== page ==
Adam Langley, Freenet
Freenet is a decentralized system for distributing files that demonstrates a particularly strong form of peer-to-peer. It combines many of the benefits associated with other peer-to-peer models, including robustness, scalability, efficiency, and privacy.
In the case of Freenet, decentralization is pivotal to its goals, which are the following:
Prevent censorship of documents
Provide anonymity for users
Remove any single point of failure or control
Efficiently store and distribute documents
Provide plausible deniability for node operators
Freenet grew out of work done by Ian Clarke when he was at the University of Edinburgh, Scotland, but it is now maintained by volunteers on several continents.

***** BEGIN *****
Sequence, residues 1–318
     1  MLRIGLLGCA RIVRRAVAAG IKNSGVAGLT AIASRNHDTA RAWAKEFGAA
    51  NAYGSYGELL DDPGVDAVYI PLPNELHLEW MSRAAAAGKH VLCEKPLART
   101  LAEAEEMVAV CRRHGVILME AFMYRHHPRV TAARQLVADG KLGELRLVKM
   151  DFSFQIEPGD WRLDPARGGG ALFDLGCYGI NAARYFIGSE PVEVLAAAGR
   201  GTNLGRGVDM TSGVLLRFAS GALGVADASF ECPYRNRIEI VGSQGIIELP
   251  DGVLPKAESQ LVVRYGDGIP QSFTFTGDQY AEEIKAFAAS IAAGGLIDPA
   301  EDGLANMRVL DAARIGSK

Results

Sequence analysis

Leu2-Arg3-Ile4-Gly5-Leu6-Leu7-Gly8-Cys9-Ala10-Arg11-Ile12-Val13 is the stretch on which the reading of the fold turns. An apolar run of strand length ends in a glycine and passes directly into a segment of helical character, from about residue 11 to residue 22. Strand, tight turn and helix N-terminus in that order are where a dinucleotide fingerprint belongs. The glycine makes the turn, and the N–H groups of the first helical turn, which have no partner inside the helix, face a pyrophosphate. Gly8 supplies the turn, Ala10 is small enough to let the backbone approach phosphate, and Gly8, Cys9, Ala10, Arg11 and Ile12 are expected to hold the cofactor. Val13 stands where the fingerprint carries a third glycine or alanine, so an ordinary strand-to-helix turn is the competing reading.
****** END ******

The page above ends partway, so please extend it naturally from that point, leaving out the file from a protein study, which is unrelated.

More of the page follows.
Some of the goals of Freenet are very difficult to bring together in one system. For example, efficient distribution of files has generally been done by a centralized system, and doing it with a decentralized system is hard.
However, decentralized networks have many advantages over centralized ones. The Web as it is today has many problems that can be traced to its client/server model. The Slashdot effect, whereby popular data becomes less accessible because of the load of the requests on a central server, is an obvious example.
Centralized client/server systems are also vulnerable to censorship and technical failure because they rely on a small number of very large servers.
Finally, privacy is a casualty of the structure of today’s Web. Servers can tell who ...